4. Olivers_AR

    Olivers_AR

    714
    0
    Dec 27, 2007
    Dulles, VA
    I'd wait until black Friday, I got wireless network setups for <$40 two years ago.

    I would ask any IT guy or geek, they probably have an extra setup in the spare parts box. Trade them some ammo for it :cool:
     
  5. dotsun

    dotsun conf t

    1,198
    30
    Mar 25, 2007
    Knoxville, TN
    I actually buried about 100 feet of cat5 at my old house to get ethernet out to the 'garage'. It worked fine for years that way. In fact I grabbed the end of it, yanked it out of the ground and took it with me when I moved. That stuff is way more resilient than many think. :)
     
  6. Tazisland

    Tazisland ¡Déjeme en paz!

    320
    0
    Oct 5, 2008
    Georgia
    Yes, the cable can handle the conditions as long as it is not spliced. Be careful when tacking the cables to the outside, crimps can slow down any Cat-5 standard cable. If not in a raceway, you may have to use plenum cables, depending on local fire codes. Plenum cable has a fire resistance and a low smoke PVC content, which makes it less lethal if it does burn. Plenum is a lot more expensive, but worth it.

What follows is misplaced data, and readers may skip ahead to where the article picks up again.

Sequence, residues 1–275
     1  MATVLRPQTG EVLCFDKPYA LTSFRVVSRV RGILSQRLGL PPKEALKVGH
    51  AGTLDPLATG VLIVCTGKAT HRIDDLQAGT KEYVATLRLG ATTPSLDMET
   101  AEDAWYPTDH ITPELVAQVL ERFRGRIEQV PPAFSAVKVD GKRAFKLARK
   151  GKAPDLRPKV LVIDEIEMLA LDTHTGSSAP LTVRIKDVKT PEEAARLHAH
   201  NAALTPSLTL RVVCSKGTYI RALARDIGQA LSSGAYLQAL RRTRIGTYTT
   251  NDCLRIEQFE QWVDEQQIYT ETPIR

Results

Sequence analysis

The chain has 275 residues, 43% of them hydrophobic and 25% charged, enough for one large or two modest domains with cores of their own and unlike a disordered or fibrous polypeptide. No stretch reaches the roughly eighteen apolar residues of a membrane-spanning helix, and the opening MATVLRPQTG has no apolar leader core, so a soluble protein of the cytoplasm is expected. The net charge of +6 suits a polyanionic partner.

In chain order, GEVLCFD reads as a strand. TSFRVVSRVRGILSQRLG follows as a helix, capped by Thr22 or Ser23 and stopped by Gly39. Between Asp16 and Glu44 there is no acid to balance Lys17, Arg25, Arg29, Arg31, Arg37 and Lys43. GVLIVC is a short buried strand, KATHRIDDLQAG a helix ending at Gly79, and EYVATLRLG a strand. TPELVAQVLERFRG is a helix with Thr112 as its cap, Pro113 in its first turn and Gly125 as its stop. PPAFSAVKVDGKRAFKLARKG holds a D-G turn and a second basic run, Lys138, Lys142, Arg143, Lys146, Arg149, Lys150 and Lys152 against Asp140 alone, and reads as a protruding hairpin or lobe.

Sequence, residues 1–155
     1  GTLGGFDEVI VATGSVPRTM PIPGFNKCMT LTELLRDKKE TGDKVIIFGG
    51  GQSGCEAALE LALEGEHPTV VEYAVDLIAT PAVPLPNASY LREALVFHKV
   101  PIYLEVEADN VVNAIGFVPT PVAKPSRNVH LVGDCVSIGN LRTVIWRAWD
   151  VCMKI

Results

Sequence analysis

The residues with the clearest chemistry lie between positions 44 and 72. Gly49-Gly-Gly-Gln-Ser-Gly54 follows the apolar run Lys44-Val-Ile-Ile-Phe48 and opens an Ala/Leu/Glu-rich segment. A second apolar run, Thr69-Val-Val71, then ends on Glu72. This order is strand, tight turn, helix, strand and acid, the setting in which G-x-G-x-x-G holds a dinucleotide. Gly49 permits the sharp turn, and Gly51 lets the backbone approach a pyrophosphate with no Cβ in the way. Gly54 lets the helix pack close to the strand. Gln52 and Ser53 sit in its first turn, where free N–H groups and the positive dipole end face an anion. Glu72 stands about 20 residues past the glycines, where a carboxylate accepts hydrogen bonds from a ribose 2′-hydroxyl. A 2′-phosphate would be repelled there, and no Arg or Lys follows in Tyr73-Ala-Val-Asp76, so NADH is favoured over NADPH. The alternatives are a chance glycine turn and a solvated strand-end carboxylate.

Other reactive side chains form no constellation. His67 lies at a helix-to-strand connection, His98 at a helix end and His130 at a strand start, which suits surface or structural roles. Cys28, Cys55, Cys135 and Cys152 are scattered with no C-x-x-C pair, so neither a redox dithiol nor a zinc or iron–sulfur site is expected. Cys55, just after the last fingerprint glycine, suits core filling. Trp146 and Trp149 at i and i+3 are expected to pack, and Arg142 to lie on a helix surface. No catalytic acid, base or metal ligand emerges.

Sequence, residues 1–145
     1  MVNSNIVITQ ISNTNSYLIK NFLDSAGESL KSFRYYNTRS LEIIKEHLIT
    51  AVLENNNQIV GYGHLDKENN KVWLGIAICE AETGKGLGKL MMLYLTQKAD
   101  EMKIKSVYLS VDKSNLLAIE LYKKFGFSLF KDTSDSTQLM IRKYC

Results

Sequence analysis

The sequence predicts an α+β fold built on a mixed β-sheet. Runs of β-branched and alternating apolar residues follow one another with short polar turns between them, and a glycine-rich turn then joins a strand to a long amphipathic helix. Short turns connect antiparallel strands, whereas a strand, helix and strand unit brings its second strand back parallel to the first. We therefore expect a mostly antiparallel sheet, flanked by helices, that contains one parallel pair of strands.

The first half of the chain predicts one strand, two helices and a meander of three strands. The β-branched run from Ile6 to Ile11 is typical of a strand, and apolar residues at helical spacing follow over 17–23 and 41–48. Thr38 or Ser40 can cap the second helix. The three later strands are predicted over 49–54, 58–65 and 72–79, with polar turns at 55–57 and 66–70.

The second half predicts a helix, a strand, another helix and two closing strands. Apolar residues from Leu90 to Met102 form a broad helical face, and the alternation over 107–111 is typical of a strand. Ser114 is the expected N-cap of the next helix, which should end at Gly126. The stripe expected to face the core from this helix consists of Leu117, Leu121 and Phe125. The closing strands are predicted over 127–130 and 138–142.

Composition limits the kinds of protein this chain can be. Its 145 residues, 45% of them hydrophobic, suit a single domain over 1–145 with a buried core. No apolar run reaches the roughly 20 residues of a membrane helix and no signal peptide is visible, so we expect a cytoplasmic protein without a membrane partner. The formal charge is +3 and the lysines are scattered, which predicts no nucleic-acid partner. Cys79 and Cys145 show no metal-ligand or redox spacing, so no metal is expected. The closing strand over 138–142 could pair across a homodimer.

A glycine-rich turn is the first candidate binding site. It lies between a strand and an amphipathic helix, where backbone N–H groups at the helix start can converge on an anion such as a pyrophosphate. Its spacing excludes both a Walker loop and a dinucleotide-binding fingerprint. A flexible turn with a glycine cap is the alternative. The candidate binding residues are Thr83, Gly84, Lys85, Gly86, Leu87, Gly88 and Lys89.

You could try this with cheap standard Cat-5 before you tack it down or buy plenum. There is also a method of using your electrical outlets but I have not tried (and have doubts about) this.

    If you have a tech in your company, he/she can probably find some excess Cat-5 and attach the RJ-45 connectors for you for nothing.
     
  7. Probe an inside wall that runs from floor to floor like a bathroom or closet space, it might provide a pathway.
     
  8. Have you looked at a FO-Rj45 transceiver?

    this would be better on alot of levels;

    1> it's requires a cheap fiber

    2> distance could be upto 600m or more

    3> no lighting or electrical conductivity

    4> would be the right thing todo.
     
  9. Nicky D

    Nicky D CLM

    2,430
    1
    Apr 25, 2004
    Souderton, Pa.
    Indy, believe it or not this would be easier then pulling baseboards out to see if I can drop the line down from floor to floor, at least the way I see it. As far as putting a hole to run it outside, I see no difference than the hole that is already in her room for a cable feed, I would just make this larger and the reseal it up.